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NEWS/The Very Successful D-CAF Third Edition In Egypt

Many art festivals are being held in Egypt, especially in Alexandria and Cairo. This month, we had the chance to take part of the third edition of the Downtown Contemporary Arts Festival (D-CAF) that came to a close in Shehrazade nightclub with "La Voix est Libre, an art-wide performance that reflected the event's spirit. D-CAF had slowly become one of Cairo’s most anticipated and popular art festivals with its challenges, shortcomings and prospects. The shows took place in the Falaki Theater, the French Institute in Alexandria and the Shehrazade nightclub.


In an interview with the artistic director of D-CAF, Ahmad El Attar, stated that the 2014 edition was attended by a doubled number of people comparing to previous year. He also said that he hopes they get an increase in government support and local private sponsorship. The only way this festival can really continue many years down the road, look at it and say “Wow, Egypt has an international festival of high caliber”. He added also that each year, D-CAF promises discoveries of new locations for independent arts in the downtown 
area, which has the highest concentration of both used and unused spaces. He is saying that D-CAF is improving and will continue to improve in a mean that every year they make new mistakes and remedy others, and as of next year, he thinks that they can expect something tighter and less tiresome for them as a team. Well, with such a spirit, we think that this festival will come each year with more success and attendance.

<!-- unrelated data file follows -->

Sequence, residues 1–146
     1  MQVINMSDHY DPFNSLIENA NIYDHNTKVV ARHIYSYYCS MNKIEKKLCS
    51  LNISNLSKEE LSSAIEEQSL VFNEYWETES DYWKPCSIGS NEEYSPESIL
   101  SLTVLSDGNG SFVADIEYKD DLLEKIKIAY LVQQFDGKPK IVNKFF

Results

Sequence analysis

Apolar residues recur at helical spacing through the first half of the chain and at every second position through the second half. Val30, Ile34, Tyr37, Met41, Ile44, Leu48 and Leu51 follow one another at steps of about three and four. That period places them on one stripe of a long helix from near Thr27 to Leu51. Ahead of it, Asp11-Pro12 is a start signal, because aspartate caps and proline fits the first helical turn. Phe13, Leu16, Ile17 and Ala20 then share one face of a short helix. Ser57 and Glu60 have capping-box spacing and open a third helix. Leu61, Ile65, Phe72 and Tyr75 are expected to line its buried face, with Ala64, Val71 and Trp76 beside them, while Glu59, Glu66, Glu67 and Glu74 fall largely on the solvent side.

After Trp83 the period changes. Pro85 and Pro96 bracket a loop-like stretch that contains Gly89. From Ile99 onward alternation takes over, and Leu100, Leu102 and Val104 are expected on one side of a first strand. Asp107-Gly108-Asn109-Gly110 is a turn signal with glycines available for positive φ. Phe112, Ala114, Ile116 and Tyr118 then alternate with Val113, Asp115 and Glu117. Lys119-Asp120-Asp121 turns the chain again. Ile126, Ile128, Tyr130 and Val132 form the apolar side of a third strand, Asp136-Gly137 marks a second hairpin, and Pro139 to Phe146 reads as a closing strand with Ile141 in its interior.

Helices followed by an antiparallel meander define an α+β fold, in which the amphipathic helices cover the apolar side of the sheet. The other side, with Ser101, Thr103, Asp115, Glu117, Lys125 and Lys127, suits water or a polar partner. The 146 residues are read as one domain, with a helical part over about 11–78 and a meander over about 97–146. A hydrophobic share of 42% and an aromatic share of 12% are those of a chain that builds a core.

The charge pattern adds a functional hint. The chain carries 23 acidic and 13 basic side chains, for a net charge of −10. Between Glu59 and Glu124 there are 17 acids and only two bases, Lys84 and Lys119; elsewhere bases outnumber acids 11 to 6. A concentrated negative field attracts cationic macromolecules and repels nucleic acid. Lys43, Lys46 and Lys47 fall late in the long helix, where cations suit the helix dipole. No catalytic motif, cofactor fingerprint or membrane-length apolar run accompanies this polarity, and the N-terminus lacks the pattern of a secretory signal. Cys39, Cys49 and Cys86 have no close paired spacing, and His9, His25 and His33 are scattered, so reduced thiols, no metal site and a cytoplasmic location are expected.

This year also, Attar came together with other festival organizers, such as the Spring Festival, the Cairo Jazz Festival and Hal Badeel, and set dates to ensure their different events do not overlap in order to allow audiences the chance to imbibe the full range of their many activities. According to Attar, while the D-CAF team appreciates all the support they receive at the moment, depending on these types of grants would be challenging for the growth and sustainability of such a large-scale, multidisciplinary festival with so many different styles. “We want to have a more diverse set of things,” Attar explained. “We want to open up. In order to do that we need money that is not linked to a specific geographical zone.”

 

Major achievements were up this year at this festival, one of them was the sold-out concert of the Lebanese performer Yasmine Hamdan at Qasr El Nil Theater. It was a night to remember! But unfortunately, the highly anticipated music performance by Syrian visual artist and musician Zimo, the talent behind ‘Hello Psychaleppo’, was cancelled due to visa troubles.


One of the most exciting endeavors in this year’s edition was the renovation of the Kodak Stores in the passageway on Adly Street. The renovation was conducted by the Cairo’s Laboratory for Urban Studies, Training and Environmental Research and served the D-CAF's visual arts program with a retrospective exhibition of Egyptian artist Hassan Khan 
who showcased a massive body of his work in this semi-public space.


According to Attar, hosting events in public spaces was more challenging this year due to the security situation in Egypt, they had to obtain a permit and hire police forces to protect the events, a procedure which made it a more difficult to execute the whole project. A few shortcomings and numerous external challenges nevertheless, D-CAF in its third edition created a very nice social and artistic interaction around the city center as well as hosted meaningful conversations and performances, bringing together many of Cairo and Alexandria’s independent artistic initiatives together.


by Jamil Richane


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